Conservatives struggle to find a coherent foreign policy?

British Conservative governments generally don’t really do ‘Foreign Policy’. With the exception of the Suez Crisis and the Falklands war, they have tended to err on the side of caution. This government in particular seems to have been almost rigidly focused on domestic issues of rolling back the debt, so that when a genuine international crisis like the Arab Spring uprising comes along they seem have been even less unprepared than their western neighbours.

James Forsyth worries that it’s leading to a bad appearance:

The political danger of all this is that it adds to Labour’s narrative about government incompetence. Alexander rattled off the list of government bungles on Libya: Hague’s suggestion that Gaddafi had fled to Venezuela, the delayed evacuation and the government getting ahead of itself in talking up a no-fly zone. Put these together with the SAS incident and you don’t get a positive impression…

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  • ItwasSammyMcNally

    The Tory opposition supported Tony’s war in Iraq. They are now, the only major Western governemnt who still believe Tony was correct to go to war.

    Presuambly that (dangerous) thinking, at least in part, informs their Foreign Policy.

  • ItwasSammyMcNally

    , typo

  • ItwasSammyMcNally

    Still bold ?

  • ItwasSammyMcNally

    The Tory opposition supported Tony’s war in Iraq. They are now, the only major Western governemnt who still believe Tony was correct to go to war.

    Presuambly that (dangerous) thinking, at least in part, informs their Foreign Policy.

    (Mick can you delete the above posts)

  • There cannot actually be a coherent policy on Libya.
    Everybody wants democracy but seemingly not at a price which will interfere with British interests….oil prices, or a democracy that is Islamist in tone.
    Deep down the British want stable government in Libya and rhetoric aside they would prefer Gaddafis stability than democratic instability. Its the hypocrisy that lies at the heart of all British…..and broader Western imperialist and post imperialist policy.

    But Id suggest that the Tories are actually the “natural” (if incompetent and hypocritical” Party of “foreign affairs”.
    Stormont stood down , Sunningdale, Anglo-Irish Agreement and the Peace Process (GFA 1998 was Bliar of course but groundwork by Majors government). Or indeedZimbabwe independence. Or the Common Market. Or any European (so called) progress.
    Hard to see a Tory Opposition accepting all that.

  • Zig70

    take the news on Libya translate it to here. Minority rebel force seeks to over throw the undemocratic government. Seen from foreign eyes, say american. I think you have to live in a place 4months or more to start to understand the culture and hence what is best for the locals.

  • JAH

    I’m beginning to wonder if Cameron isn’t a secret pacifist.

    Navy cut
    Airforce cut
    Army cut

    Once the UK leave Afghanistan I doubt if will ever be a serious military power again. The days of Tony’s Wars is well over. And on the Tory watch?

    He can’t even save the Falklands…and could they seriously deploy large troop numbers in Ulster again?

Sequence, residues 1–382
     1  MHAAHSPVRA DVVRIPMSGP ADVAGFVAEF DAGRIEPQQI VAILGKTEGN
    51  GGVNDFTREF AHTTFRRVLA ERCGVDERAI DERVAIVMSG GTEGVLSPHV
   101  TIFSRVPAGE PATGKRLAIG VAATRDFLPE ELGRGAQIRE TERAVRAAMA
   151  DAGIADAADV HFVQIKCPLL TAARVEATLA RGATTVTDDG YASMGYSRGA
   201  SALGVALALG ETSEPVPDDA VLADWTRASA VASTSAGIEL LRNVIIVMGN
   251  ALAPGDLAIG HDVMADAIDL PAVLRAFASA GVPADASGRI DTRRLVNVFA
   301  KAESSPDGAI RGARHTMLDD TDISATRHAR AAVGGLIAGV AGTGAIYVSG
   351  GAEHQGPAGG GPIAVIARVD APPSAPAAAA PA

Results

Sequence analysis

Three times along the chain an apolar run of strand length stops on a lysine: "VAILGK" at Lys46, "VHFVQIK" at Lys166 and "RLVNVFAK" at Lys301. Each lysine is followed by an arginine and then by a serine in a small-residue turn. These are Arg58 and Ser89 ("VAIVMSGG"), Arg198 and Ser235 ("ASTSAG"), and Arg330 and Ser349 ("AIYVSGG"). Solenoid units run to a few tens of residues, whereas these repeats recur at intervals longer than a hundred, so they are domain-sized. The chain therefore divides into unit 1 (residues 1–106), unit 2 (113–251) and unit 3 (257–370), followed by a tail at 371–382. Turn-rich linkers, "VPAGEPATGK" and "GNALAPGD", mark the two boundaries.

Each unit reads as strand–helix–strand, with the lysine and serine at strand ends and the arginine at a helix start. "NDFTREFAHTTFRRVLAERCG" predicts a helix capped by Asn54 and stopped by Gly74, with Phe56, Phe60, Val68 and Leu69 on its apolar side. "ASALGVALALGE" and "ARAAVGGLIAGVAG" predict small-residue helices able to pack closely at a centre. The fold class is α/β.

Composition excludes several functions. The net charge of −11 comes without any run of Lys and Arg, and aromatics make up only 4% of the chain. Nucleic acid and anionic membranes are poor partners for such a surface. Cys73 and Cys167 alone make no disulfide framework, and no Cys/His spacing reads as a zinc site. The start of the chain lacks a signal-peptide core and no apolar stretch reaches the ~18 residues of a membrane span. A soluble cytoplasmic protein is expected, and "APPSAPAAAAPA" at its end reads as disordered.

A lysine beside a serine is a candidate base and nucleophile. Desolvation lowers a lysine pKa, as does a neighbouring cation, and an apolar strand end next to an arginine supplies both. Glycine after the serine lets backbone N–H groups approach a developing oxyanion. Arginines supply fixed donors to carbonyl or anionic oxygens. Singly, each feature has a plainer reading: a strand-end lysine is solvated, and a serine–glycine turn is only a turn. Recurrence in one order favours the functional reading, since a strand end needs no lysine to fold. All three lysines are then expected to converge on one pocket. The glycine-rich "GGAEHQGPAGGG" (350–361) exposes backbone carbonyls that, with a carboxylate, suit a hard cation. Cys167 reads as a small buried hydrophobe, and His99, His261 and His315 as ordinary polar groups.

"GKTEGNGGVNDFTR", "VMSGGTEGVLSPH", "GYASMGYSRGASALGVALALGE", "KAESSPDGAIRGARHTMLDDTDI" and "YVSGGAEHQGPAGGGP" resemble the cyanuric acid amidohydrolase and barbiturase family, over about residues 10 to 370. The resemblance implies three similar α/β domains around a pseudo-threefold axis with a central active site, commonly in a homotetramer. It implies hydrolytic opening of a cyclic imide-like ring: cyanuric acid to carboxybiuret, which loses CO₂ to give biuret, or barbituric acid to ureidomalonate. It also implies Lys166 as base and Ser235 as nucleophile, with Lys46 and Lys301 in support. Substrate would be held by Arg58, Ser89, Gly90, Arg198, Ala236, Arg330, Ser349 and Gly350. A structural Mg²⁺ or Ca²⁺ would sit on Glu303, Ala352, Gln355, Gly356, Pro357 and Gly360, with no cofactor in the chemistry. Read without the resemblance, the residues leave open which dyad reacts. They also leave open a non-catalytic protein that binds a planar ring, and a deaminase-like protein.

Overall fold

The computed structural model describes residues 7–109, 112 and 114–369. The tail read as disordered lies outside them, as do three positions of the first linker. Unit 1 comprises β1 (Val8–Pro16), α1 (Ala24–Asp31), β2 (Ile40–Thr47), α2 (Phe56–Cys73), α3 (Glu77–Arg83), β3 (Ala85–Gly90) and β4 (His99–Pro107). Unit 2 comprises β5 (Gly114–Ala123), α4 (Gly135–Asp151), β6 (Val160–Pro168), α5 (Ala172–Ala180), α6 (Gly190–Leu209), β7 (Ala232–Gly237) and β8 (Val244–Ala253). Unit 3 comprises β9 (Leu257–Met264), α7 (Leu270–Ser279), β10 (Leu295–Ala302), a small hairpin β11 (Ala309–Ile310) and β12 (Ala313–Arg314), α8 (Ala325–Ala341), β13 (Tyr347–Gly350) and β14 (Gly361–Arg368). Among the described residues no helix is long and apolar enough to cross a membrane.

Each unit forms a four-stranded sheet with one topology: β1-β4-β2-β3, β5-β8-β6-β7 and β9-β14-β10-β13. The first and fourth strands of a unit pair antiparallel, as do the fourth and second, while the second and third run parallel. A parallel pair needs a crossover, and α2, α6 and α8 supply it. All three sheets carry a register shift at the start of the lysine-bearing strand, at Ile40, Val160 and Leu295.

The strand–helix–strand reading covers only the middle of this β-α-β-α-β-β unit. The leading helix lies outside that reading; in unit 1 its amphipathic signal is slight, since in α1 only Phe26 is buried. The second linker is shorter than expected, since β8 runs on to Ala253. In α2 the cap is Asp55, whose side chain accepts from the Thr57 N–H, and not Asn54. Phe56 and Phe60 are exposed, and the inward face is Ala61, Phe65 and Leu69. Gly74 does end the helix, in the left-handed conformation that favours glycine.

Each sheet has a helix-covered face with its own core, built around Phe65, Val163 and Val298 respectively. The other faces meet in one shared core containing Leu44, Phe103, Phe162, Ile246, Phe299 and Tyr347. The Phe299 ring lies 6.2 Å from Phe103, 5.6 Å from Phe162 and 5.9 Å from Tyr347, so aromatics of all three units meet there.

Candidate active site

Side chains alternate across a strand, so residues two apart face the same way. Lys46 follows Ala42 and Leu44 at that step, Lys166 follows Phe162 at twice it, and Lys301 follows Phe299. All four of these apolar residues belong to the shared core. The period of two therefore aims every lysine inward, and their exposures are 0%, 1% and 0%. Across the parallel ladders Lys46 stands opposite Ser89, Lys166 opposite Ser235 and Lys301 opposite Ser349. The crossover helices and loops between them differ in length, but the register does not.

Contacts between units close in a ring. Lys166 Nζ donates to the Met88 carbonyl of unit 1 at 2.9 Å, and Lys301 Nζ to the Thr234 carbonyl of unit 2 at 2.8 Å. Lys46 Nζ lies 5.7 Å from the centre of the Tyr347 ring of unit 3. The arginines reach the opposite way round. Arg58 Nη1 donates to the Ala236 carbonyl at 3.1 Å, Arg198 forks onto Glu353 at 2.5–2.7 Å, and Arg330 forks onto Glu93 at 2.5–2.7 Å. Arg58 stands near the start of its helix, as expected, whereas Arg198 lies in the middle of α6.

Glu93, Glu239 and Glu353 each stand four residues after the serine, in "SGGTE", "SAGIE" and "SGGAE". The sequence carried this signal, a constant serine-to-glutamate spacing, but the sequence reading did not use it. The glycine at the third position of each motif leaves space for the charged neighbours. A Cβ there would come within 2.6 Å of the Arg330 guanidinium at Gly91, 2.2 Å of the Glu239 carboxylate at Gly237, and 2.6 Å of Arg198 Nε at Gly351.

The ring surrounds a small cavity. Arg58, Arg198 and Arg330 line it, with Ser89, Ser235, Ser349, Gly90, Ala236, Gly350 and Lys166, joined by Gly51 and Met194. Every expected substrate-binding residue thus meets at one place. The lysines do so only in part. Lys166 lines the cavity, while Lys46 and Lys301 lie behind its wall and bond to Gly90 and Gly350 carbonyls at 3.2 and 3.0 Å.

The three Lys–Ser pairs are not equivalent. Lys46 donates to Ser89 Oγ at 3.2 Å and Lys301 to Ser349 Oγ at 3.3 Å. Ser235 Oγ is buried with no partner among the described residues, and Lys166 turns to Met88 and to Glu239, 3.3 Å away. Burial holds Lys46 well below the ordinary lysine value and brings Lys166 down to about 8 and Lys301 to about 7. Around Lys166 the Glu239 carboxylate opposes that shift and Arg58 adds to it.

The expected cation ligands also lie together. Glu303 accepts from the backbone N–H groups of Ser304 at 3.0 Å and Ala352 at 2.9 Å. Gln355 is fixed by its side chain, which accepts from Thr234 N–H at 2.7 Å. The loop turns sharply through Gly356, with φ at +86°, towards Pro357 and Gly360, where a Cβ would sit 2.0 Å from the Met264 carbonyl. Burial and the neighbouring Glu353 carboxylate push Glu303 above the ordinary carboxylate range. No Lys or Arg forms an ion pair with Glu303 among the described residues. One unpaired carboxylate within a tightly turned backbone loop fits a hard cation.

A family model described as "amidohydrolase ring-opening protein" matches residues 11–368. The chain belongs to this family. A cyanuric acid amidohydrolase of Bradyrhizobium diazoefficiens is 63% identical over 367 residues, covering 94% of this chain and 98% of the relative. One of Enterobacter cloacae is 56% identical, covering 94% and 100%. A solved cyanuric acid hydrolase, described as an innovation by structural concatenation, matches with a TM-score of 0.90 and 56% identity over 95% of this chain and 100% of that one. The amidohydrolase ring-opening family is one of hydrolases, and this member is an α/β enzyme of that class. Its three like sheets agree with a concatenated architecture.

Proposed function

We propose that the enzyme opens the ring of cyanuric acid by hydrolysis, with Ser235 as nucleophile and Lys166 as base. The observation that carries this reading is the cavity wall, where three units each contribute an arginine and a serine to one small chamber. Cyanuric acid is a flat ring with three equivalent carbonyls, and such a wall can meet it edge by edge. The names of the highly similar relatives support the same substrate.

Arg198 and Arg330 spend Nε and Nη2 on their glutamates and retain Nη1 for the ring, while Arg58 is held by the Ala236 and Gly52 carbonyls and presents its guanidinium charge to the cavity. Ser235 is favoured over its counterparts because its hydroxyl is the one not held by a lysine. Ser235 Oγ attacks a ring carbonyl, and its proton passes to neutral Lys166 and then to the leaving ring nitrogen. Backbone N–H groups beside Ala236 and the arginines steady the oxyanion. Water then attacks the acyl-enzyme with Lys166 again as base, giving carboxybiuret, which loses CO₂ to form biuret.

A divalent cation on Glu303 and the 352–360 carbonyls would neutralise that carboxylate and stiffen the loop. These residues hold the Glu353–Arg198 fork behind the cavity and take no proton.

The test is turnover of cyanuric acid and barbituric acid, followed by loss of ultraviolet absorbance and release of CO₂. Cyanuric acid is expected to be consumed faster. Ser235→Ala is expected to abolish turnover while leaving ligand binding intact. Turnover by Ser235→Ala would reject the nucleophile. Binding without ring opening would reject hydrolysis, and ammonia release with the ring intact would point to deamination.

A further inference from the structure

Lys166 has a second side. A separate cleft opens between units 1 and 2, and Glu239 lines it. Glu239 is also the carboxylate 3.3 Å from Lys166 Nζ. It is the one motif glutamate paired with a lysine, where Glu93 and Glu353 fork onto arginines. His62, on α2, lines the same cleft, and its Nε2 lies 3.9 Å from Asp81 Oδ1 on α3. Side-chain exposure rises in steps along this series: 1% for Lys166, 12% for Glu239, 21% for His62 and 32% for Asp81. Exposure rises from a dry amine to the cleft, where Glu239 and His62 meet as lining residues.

• I’m still struggling with the opening sentence here:

    British Conservative governments generally don’t really do ‘Foreign Policy’. With the exception of the Suez Crisis and the Falklands war, they have tended to err on the side of caution.

    The Cold War? Berlin crises? US bases in Britain? Decolonisation? Harold Macmillan in South Africa? Heath and Europe? The Reagan era? The break-up of Yugoslavia? Bush I and Kuwait? None of that happened with Tory governments? There were no “risks” involved in any of them?

    I recall that Paul Sharp of the University of Minnesota managed a 270 page study of Thatcher’s Diplomacy: the Revival of British Foreign Policy. It wasn’t all about the South Atlantic (in fact it was more about Thatcher’s constant warring with her own Foreign Secretaries).

    What I found truly interesting about that (very short) James Forsyth piece was how it fits a separate, parallel narrative.

    First there was a general agreement among the “usual sources” that Hague might be less-than-wholly committed to his present post, even to being in government at all. Then, yesterday evening, the same James Forsyth allies with Ben Brogan that Cameron is skating on thin party-political ice:

    He is still seen as the Tories’ primary electoral asset and there is no obvious, or even viable, alternative to him. But when Cameron gets into trouble, this will matter. Politicians don’t forget criticism from their colleagues and there’ll be a few ministers who wouldn’t mind seeing Cameron discomforted a bit.

    In general, Cameron needs to make some more personal allies. It is striking how few MPs are personal Cameron loyalists. As the going gets tougher over the coming months, Cameron is going to need some praetorians who’ll happily walk into the fire for him. He needs to assemble this group from a position of strength not weakness.

  • If they have been even less unprepared, then they were more prepared.

  • Now it’s really getting interesting.

    There’s a story just up on the Telegraph web-site. (Was it in any print edition? Is the lack of a by-line not curious?):

    Allies of Mr Hague have told The Daily Telegraph they believe that criticism of him is being privately encouraged by other Cabinet ministers.
    A senior Foreign Office source said: “The root of the problem for William Hague is that he sits in a Cabinet where several other ministers think they could do his job better than he could.”

    Reading down the name of Gove leaps out. Having made a muck of education, could the dear boy be after more fields to lay waste?

  • ItwasSammyMcNally